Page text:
Friday, November 23, 2007

When winning isn't enough …

When winning isn't enough.
The past week has bought victories for Australia's senior side as well as its under-23s who booked a berth at next year's Beijing Olympics on Wednesday with a hard-fought 1-1 draw in North Korea. The Young Socceroos, the country's under-20s team, also won three out of four AFC qualifying matches to guarantee a spot in the 2008 Asian Youth Championships earlier this month.

But the heavy shadow darkening Australia's dreams of reaching the 2010 World Cup refuses to lift.

Australia's search for Guus Hiddink's long-term replacement has been rather like watching an English League One relegation scrap. Lots of running through mud chasing endless lost causes only for your star striker to miss a stoppage time penalty with seconds remaining.

This week, after a year-and-a-half's worth of wild goose chases around the major European cities, Dick Advocaat reneged on his agreement to coach the Socceroos.

Depending on who you believe, a written contract to take charge of Australia from February's World Cup qualifiers onwards either was or wasn't broken by Advocaat's decision to agree a yearlong extension with Russian champions Zenit St Petersburg. Tellingly, though, the Russians are expecting a financial backlash.

"Yes, he will remain here in St Petersburg," Zenit director Konstantin Sarsania told the Reuters news agency. "The only matter left to resolve is the compensation package to the Australians but we have our lawyers on the case."

The verbal backlash has already started. More than once since deceitful Dick's dastardly U-turn, Football Federation Australia has been likened to a jilted lover in the nation's media.

Under the headline 'Advocaat turns the stomach', Sydney-based football writer Tom Smithies went further in penning this diatribe: "In Holland they drink the liqueur advocaat as a digestif, which is highly ironic because the contempt that a coach of the same name has shown for Australia has turned the stomachs of even those inured to the opportunism of top-level football".

Strangely, the Advocaat affair might actually be one of the few football stories which unites the rival codes in Australia's oft-disputed sporting battlefield. There are just as many loathers as lovers of the beautiful game here, but no Australian of any persuasion could fathom anyone turning down a chance to be involved with the lucky country. Especially to stay in Russia.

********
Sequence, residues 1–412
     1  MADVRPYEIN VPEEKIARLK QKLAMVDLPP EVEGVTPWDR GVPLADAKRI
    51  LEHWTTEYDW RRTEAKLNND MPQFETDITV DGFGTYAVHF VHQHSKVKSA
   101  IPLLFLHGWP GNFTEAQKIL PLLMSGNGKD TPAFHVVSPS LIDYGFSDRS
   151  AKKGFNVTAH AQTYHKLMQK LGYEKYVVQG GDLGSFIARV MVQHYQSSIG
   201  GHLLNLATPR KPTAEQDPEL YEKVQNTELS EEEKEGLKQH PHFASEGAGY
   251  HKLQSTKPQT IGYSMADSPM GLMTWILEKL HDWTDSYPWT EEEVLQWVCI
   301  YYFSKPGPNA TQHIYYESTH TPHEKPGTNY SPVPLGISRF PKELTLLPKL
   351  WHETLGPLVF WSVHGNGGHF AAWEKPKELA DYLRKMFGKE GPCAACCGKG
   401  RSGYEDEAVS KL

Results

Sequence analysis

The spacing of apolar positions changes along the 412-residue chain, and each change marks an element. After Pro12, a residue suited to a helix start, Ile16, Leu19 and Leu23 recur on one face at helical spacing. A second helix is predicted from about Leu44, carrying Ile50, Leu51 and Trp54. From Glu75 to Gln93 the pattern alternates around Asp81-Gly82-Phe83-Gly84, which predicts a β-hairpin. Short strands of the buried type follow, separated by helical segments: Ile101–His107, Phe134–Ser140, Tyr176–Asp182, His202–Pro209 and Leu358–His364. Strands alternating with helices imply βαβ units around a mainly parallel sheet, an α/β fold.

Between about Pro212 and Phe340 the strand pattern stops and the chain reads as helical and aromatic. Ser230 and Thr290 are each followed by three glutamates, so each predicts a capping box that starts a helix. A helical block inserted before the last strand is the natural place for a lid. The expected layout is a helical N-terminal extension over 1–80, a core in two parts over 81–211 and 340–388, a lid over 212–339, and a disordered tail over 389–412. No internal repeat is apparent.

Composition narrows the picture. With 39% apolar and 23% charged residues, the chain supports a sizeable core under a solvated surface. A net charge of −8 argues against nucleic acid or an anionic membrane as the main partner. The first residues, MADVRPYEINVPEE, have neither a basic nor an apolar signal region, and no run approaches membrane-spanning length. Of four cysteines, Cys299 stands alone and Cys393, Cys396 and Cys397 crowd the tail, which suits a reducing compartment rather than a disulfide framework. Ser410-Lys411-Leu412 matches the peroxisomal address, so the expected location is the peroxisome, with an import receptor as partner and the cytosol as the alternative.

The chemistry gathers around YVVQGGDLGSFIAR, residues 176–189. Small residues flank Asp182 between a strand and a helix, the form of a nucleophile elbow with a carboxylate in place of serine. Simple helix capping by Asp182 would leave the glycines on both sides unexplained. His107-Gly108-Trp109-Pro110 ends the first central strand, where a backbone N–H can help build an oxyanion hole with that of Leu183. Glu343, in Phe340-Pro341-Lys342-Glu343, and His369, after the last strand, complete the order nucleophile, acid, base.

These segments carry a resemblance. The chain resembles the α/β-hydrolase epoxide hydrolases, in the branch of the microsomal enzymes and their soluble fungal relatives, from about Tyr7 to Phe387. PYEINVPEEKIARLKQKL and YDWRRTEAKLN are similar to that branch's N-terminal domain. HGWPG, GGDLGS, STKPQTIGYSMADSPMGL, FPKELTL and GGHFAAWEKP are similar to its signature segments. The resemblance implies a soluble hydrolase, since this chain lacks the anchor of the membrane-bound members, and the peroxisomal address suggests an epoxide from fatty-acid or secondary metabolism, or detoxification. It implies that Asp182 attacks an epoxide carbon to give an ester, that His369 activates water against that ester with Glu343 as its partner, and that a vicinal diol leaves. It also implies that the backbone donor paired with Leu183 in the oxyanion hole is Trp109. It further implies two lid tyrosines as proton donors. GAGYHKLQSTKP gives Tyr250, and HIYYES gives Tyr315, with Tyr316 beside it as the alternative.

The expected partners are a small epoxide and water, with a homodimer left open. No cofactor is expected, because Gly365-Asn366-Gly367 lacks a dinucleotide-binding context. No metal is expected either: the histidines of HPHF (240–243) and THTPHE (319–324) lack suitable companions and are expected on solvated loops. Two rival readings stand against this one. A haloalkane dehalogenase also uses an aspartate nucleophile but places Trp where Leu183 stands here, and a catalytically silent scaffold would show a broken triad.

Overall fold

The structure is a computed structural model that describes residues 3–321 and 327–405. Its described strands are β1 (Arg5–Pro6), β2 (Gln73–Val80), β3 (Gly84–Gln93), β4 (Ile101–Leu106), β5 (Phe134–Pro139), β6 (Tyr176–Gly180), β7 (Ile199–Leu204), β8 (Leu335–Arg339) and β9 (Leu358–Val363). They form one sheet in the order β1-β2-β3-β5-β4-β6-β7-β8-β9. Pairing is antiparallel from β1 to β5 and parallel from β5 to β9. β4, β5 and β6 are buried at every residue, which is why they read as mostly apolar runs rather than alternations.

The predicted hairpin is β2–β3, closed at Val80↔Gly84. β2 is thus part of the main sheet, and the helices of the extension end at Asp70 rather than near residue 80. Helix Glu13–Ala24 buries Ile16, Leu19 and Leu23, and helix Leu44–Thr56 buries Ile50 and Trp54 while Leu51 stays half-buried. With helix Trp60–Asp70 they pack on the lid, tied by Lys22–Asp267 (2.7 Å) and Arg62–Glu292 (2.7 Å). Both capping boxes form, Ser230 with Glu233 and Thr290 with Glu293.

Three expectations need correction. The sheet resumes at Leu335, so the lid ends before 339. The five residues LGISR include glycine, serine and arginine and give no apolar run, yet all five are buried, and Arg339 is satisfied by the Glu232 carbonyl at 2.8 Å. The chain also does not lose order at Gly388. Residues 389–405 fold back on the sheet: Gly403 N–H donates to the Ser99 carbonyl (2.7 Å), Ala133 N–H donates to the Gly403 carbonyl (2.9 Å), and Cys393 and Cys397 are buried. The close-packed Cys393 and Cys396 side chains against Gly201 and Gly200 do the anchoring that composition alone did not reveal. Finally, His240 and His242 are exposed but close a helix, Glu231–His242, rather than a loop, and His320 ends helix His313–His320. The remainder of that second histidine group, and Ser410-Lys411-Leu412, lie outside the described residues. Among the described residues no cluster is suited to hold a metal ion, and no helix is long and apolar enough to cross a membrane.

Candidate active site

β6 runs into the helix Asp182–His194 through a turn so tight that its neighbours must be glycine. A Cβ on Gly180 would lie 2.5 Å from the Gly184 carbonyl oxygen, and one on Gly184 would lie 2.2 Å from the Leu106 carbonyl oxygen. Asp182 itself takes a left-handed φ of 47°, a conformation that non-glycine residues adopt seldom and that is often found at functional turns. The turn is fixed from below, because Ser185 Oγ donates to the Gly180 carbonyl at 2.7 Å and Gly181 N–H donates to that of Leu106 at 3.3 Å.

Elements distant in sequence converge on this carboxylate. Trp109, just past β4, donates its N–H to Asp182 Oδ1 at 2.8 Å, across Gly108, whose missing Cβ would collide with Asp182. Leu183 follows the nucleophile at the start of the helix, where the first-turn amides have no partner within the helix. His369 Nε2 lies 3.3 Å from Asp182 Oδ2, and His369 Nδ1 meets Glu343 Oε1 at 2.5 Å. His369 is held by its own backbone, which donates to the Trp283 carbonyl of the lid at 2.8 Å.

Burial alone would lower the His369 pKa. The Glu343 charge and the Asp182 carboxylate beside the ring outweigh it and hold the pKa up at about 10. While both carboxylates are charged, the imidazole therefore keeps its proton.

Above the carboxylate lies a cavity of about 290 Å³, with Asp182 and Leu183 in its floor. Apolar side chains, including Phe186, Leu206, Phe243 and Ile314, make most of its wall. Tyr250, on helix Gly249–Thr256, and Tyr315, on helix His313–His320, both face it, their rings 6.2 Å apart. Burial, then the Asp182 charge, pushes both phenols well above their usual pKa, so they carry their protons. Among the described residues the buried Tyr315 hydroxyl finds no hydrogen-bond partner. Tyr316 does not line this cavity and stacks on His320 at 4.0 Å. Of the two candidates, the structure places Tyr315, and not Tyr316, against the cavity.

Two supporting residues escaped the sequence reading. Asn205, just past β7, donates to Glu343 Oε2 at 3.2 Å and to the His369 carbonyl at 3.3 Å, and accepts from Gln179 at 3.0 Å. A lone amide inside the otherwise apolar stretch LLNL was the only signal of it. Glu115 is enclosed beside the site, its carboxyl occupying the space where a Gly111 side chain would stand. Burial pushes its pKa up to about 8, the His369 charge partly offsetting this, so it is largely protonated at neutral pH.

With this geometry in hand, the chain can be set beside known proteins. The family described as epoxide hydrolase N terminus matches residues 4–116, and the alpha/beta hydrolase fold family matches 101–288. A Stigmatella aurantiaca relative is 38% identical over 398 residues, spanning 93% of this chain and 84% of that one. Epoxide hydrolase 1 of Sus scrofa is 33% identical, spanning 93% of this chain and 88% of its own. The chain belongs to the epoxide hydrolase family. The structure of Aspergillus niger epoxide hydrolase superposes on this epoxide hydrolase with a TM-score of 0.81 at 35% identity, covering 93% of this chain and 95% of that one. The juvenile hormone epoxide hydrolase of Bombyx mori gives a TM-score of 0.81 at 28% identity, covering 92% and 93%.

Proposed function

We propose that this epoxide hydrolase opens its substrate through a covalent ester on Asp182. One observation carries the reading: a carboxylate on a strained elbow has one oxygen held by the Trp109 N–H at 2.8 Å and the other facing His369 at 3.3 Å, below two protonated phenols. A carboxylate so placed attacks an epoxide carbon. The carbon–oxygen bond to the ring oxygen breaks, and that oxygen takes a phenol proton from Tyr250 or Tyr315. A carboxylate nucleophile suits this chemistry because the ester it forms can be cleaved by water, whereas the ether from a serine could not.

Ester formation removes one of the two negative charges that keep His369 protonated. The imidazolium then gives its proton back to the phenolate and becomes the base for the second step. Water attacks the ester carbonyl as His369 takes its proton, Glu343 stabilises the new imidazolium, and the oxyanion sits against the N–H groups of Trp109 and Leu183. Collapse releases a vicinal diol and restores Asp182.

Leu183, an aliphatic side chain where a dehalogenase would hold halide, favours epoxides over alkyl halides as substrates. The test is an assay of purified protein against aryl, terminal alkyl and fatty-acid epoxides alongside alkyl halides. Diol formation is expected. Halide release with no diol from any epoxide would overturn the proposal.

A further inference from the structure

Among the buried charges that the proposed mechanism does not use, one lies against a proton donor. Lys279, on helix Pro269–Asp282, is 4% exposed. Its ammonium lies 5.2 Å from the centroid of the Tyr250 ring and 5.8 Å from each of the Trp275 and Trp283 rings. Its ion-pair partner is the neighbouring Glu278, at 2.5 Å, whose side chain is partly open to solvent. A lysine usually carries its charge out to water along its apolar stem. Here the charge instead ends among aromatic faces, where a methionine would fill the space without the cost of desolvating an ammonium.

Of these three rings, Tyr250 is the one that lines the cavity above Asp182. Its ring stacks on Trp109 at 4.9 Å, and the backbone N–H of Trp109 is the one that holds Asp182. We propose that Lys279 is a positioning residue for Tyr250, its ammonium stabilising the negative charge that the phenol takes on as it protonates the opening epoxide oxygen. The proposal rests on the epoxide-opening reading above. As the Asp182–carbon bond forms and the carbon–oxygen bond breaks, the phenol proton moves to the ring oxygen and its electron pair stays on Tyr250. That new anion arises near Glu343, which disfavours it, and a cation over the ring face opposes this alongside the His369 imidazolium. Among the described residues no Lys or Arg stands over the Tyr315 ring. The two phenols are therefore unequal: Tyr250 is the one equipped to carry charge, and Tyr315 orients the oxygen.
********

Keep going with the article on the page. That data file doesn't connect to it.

Bankrolled by the personal fortune of FFA chairman Frank Lowy, Australia's second-richest man, the scouring of the global coaching landscape has been as pointless as it has relentless.

Whatever the angle taken by a frustrated and disappointed media, money is rarely the prime motivator for the game's elite. Yes, Advocaat will be earning bigger bucks at Zenit, the biggest spenders in Russian football. But he will also remain to lead the club into the Champions League for the first time.

Perspective can be lost when personal interest is high.

Is the job of coaching Australia, ranked 52nd in the world, two places below Canada, really bigger than coaching a team in the Champions League? Is it more challenging than managing in the Premiership, or in the English Championship for that matter?

The fact that Graham Arnold's audition for the top job failed miserably in Australia's Asian Cup quarter-finals exit appears to have kyboshed his credentials and by default any of his fellow countrymen.

So a foreign coach it is. But why are the names of Jose Mourinho, Jurgen Klinsmann, Marco van Basten and Frank Rijkaard being bandied around. Logically, what are the odds of a top class manager leaving Europe to spend eight months a year in Australia?

Asian Cup-winning Iraq coach Jorvan Vieira and former South Korea coach Pim Verbeek are lesser profile figureheads but without question more attuned to the Socceroos' needs.

They understand the quirks of qualifying through the AFC in a way Mourinho et al do not. They also know that over the course of World Cup qualifying, the A-League will provide a greater proportion of players.

Australia needs a well-credentialed coach willing to spend the majority of his time in Australia scouting local Australia players and passing on knowledge to the local coaching fraternity.

With that in mind the hunt restarts in earnest.

Copyright © Marc Fox and Soccerphile.com

Australian Soccer News

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